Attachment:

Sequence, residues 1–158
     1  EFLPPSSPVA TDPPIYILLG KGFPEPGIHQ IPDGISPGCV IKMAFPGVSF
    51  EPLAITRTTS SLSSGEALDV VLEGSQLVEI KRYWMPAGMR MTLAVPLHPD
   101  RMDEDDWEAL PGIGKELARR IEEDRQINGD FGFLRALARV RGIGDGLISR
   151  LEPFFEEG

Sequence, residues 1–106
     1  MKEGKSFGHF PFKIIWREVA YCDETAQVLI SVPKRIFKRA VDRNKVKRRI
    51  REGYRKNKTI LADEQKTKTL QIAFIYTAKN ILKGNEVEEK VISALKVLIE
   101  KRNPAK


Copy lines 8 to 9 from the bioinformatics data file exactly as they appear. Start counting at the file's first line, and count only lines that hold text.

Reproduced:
    51  REGYRKNKTI LADEQKTKTL QIAFIYTAKN ILKGNEVEEK VISALKVLIE
   101  KRNPAK